Re: Quesions about a depressed center flat car


On Mon, 21 Jan 2002 15:07:59 -0500 "Norm Dresner" <ndrez@...> writes:
As an excuse for trying out my new bandsaw, I started scratchbuilding
the depressed center flat car which is described in an ancient
Kalmbach book entitled "Easy-to-Build Model Railroad Freight Cars"
sub-titled "24 Dollar Car Projects from the pages of Model
Railroader". (This book is (C) 1971, a mere 30 years old as I'm
I bought it soon after it hit the market).
I have two questions:
1. What might have been the prototype for this model, if any?
2. Where on a depressed-center flat car is the brake gear

Norm (and some of you clods who haven't a clue as to how we got where we

That book, and the articles written in that series in MR during the 50s
and 60s on which it was based, are as responsible as any other single
factor for the beautiful and accurate freight car models we enjoy today.
The models were usually very accurate, more so than most contemporary
kits, and introduced modelers to car types other than the generic and
fanciful box cars and reefers represented by Athearn and Varney kits.

I would have no reason to dispute any of the prototype data represented
in any of the articles, they were usually taken from cars in the yards
near the MR offices. In fact, one article stressed how they photographed
a wooden express reefer, measured it, and then proceeded to build it.
How many here have ever done that? (Hmmm, I don't see any hands up. I'm
not surprised.)

The "TPRX" I'm sure, represents the actual reporting marks on the
prototype car and I'm sure some good deed doer will take the time to look
it up and pass it on. At the time of the original article, few authors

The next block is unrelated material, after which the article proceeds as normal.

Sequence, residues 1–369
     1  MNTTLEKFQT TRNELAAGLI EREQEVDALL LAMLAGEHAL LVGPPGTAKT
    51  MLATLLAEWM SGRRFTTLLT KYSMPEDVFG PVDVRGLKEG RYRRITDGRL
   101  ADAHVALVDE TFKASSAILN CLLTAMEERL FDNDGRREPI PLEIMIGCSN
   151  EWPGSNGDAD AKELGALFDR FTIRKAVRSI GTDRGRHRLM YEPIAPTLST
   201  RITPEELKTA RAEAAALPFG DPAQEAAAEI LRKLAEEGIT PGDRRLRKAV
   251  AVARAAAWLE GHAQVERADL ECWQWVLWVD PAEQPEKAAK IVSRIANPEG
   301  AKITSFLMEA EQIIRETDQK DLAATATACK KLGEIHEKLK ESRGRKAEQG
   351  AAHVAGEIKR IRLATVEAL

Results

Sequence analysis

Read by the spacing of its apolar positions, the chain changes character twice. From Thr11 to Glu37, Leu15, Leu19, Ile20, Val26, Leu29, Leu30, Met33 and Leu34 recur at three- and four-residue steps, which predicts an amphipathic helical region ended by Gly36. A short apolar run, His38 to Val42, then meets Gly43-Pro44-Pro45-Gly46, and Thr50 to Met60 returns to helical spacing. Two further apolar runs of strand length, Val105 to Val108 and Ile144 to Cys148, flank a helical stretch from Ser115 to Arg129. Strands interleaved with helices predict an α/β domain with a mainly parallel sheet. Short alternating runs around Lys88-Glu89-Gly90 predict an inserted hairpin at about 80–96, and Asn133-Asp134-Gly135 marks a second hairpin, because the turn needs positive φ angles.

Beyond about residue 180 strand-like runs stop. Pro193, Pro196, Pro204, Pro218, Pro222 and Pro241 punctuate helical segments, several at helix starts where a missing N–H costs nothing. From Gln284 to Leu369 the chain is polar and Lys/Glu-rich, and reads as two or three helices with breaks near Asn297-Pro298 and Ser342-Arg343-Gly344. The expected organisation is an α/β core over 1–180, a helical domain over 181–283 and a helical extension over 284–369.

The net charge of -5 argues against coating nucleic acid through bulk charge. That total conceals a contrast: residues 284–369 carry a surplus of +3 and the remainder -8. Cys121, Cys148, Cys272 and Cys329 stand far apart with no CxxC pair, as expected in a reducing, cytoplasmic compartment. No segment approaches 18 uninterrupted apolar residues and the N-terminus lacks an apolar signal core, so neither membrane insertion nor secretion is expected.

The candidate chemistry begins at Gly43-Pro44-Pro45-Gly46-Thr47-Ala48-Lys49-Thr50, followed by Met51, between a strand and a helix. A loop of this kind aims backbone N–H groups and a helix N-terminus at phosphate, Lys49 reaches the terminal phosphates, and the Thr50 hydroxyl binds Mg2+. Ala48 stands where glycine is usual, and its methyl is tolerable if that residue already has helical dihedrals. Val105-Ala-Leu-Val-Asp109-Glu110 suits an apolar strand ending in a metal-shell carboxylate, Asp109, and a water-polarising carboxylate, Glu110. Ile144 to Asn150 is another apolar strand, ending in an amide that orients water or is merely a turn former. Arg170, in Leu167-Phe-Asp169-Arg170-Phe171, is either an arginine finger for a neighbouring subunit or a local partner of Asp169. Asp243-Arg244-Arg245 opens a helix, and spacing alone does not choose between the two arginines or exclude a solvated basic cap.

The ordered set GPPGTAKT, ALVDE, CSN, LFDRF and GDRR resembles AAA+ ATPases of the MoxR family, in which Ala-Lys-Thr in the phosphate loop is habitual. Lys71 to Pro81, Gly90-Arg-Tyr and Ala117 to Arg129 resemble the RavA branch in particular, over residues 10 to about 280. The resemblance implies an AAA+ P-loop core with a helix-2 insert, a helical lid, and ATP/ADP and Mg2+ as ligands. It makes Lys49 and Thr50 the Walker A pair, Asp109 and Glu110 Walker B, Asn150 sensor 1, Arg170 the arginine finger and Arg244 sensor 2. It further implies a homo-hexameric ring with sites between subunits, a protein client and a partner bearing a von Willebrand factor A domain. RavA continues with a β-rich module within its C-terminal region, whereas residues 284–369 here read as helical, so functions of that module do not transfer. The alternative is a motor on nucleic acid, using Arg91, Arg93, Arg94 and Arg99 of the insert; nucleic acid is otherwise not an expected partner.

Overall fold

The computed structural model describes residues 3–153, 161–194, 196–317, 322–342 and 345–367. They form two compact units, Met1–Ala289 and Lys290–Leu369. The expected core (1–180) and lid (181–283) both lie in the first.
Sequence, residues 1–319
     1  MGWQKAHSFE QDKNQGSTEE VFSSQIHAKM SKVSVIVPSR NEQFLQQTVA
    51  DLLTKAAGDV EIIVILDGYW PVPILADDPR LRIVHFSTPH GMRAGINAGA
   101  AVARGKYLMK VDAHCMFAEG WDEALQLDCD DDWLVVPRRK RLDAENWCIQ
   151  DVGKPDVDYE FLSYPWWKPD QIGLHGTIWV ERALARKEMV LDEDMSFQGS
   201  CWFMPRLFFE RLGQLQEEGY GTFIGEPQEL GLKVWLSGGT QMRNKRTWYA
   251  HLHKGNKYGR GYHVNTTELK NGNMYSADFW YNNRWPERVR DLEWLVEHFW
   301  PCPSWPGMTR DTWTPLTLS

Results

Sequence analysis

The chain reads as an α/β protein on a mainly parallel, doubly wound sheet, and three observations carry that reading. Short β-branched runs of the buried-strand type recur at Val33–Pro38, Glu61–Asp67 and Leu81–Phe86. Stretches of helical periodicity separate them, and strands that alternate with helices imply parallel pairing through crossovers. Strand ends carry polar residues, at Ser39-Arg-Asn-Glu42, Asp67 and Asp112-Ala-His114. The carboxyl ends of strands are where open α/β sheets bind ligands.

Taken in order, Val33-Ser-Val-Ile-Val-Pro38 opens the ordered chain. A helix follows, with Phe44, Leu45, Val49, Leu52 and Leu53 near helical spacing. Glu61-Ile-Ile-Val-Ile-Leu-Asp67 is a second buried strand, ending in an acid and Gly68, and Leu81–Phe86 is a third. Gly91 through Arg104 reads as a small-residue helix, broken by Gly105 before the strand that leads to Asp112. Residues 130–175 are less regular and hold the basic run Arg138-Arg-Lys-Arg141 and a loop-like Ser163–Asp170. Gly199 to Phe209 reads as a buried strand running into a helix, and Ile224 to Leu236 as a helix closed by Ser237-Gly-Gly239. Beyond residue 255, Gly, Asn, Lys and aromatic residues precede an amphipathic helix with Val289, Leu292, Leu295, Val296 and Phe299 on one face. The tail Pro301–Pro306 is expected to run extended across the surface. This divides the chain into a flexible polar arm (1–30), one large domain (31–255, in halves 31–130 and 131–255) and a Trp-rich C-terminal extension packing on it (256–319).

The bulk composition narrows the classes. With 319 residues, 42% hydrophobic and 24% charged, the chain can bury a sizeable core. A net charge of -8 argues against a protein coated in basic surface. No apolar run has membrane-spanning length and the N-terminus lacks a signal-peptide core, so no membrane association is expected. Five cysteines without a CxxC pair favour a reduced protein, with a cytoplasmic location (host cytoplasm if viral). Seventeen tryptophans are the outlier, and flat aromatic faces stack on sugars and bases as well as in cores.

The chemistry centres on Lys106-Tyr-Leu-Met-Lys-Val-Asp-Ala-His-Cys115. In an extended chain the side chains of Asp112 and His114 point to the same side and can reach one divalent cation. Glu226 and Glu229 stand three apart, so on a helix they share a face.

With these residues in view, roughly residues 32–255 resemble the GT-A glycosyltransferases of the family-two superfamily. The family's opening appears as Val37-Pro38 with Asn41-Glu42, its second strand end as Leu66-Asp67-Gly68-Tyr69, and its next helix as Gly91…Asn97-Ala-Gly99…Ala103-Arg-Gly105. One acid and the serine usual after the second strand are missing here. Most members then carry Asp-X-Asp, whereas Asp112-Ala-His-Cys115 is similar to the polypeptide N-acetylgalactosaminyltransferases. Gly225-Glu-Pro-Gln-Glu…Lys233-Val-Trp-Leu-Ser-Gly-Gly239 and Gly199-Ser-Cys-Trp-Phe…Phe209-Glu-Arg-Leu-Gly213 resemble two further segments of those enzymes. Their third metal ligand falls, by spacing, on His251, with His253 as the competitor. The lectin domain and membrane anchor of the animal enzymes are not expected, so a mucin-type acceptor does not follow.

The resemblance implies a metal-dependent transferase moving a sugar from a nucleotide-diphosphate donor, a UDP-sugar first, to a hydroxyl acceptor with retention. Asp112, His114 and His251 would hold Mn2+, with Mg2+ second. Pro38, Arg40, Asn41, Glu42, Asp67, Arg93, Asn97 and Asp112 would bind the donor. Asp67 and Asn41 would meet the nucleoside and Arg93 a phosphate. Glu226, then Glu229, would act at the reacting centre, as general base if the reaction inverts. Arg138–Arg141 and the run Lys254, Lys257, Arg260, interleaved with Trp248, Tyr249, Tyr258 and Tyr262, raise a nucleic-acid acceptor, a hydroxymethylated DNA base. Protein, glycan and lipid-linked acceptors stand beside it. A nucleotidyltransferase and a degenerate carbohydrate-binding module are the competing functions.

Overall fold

used fictitious markings in their presentation of prototype data. They
may have used such on their own model.

The only area they were weak on was underbody detailing, but since that's
no different than the present day practice of some of the more
illustrious members on this very list, what's the big deal?

But to answer your question, the brake gear on depressed center flats was
usually numbered down under the high decks at either end. Sometimes
there were two complete sets, each working one truck because there was no
way to run rodding between the ends of the car. Therefore, the hand
brake would only acted on one truck, so there would usually be two hand
brakes. Some cars, a very few in fact, had rodding along the side of the
car tying A end brake "stuff" to B end.

One three dimensional source of information you might seek out are the
brass cars made by Railworks. They had an interesting variety of Pennsy
flats, including several depressed center cars (and some high capacity
types, with 4 - 4 wheel or 6 wheel trucks). They had full brake rigging
on all. There was a Soo Line d/c flat car made by Overland which was
very similar to the one in the book article which would give you a good
lesson on how the brakes were shoehorned into a very limited space. It
was actually based on an article in MR in the 80s, I think. That article
may have some brake rigging included, commonly included in freight car
articles of that era.

A fully detailed model would severely limit the radii that a model could
operate on. If you think you might want to detail such a car, contact me
off line and I can send you some Xerox copies of these models, and even
the 4 truck Athearn flat car I added two sets of ABs and levers to. It
worked well on straight track only. I think it might even take a 48"
radius curve if I replaced the Athearn wheels of its day with some
present day scale flange wheelsets. Another project!

These days the brake gear on prototype d/c flats is installed above the
deck making the cars a little more interesting in appearance than the
older cars. They can get away with it because they don't build them as
short as they used to. The bigger decks give more room for the necessary
blocking to stabilize the loads as well as access to the brake gear.

Maybe I ought to look up the book and that article and see if I still
agree with my off the cuff remarks.


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